An editor for another cookbook I had worked on, Power Vegetables, approached me because she had cooked and tasted a bunch of my mom’s recipes and felt like they would make for the perfect modern cookbook about Indian food. As soon as she said this, it totally clicked into place — that there aren’t too many Indian cookbooks out there that (1) tell a really contemporary story about what it means to live in a first-gen/second-gen household, and to be an Indian family in America (2) demonstrate that Indian food is not really all that hard! I wanted this to be super accessible. I wanted someone my age to see this book from across the store and think, This book I meant for me.
What was it like working together as a mother-daughter duo?
For the most part, writing a book with your mom is the best. My mom wrote pretty much wrote all the recipes in the book, and she did an amazing job! She is not a writer by profession (she works in the software world), but she wrote some pretty near-perfect recipes! My mom is also amazing at project managing and helped me stay on task, prioritize, and organize my thoughts.
Most importantly, though, she gave me the kind of support that you want and expect from a mom throughout the whole process. And because she was my co-author, she knew exactly what I was going through. Now I can’t imagine writing ANY cookbook without my mom!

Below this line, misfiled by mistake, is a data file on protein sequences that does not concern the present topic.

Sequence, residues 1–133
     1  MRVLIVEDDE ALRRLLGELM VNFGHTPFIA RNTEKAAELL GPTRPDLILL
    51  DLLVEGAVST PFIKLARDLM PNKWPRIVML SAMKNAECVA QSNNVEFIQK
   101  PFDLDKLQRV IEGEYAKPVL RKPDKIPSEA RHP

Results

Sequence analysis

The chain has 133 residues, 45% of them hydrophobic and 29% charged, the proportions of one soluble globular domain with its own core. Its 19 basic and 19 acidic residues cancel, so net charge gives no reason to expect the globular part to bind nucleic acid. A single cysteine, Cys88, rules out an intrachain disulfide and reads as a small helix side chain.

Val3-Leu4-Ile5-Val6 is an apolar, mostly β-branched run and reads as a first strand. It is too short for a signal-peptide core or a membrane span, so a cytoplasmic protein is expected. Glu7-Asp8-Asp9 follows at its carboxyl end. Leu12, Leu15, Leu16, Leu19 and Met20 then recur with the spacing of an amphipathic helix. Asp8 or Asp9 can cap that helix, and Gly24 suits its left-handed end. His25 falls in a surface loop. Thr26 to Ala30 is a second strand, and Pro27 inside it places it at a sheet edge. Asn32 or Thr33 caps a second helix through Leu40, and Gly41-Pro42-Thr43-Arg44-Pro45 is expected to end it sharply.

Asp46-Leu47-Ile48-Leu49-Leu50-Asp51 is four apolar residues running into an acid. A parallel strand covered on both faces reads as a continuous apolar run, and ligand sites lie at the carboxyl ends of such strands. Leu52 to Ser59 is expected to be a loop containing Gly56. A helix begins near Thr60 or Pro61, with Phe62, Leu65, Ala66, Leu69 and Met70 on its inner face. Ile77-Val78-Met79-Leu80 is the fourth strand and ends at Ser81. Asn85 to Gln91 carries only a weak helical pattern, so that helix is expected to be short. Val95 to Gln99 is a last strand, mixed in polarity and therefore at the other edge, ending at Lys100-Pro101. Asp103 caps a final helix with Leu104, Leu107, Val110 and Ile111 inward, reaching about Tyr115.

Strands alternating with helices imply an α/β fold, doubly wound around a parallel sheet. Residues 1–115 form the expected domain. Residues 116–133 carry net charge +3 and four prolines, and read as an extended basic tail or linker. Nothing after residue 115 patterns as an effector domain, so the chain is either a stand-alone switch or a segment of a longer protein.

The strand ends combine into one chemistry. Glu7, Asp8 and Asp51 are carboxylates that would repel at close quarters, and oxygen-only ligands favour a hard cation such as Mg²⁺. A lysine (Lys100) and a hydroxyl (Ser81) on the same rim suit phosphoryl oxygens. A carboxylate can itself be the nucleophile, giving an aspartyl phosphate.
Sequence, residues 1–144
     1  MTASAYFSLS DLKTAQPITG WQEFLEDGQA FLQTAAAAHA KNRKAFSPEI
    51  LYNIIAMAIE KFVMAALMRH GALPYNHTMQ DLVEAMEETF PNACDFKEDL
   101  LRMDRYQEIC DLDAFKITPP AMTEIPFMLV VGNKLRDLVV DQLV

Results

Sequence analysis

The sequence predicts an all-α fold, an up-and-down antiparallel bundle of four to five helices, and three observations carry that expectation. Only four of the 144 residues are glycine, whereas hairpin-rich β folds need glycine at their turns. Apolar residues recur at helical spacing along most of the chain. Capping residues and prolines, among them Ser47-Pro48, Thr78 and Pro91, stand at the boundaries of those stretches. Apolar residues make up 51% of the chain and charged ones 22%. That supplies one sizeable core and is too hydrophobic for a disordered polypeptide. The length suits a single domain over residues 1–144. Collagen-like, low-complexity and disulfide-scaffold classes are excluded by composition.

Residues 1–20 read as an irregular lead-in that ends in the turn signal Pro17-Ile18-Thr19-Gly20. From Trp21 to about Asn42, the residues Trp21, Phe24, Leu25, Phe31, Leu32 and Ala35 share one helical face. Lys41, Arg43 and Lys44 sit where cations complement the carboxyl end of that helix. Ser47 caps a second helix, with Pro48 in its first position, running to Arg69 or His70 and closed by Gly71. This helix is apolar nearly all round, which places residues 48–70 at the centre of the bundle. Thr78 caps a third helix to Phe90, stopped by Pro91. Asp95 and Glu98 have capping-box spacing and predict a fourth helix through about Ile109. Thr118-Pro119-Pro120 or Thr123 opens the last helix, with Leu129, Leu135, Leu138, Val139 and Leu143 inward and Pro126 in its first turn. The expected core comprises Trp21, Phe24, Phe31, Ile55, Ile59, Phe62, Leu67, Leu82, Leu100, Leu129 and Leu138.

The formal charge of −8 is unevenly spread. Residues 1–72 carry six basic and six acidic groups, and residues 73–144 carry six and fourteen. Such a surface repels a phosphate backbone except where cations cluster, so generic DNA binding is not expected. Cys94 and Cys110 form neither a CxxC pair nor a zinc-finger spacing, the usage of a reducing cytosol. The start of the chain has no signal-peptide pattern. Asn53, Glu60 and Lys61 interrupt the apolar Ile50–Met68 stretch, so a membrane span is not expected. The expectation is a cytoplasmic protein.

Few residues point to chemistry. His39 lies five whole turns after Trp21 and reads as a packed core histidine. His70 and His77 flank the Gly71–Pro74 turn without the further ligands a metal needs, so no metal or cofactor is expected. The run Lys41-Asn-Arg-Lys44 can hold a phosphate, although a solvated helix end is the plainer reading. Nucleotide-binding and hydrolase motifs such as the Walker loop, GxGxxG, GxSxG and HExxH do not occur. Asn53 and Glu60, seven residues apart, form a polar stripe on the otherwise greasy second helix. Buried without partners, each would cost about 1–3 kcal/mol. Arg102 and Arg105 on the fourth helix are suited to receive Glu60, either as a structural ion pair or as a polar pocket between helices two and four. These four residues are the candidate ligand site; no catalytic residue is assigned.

Do you cook together often? When did it start? What has your bonding experience been like over the years?
For as long as I can remember, my mom has been putting me to work in the kitchen. When I was little, I would clean the green chilies, then as I got older I was doing chopping and grating. When I was in high school, I would bring my homework down to the kitchen and just set up shop on the kitchen island so I could hang out with and talk to my mom while she cooked. Cooking has always been one of the main ways that we have spent time together, even before I became a food writer.
Where did the recipes originate? Were the recipes you had passed along to friends and family before putting them on paper?
With the exception of a few sourced from friends and family, they are all recipes my mom developed in the time after she immigrated to the U.S. in 1980. A few of them she had passed along to various cousins and family members who had asked, but for the most part, these were recipes that were being written down for the very first time.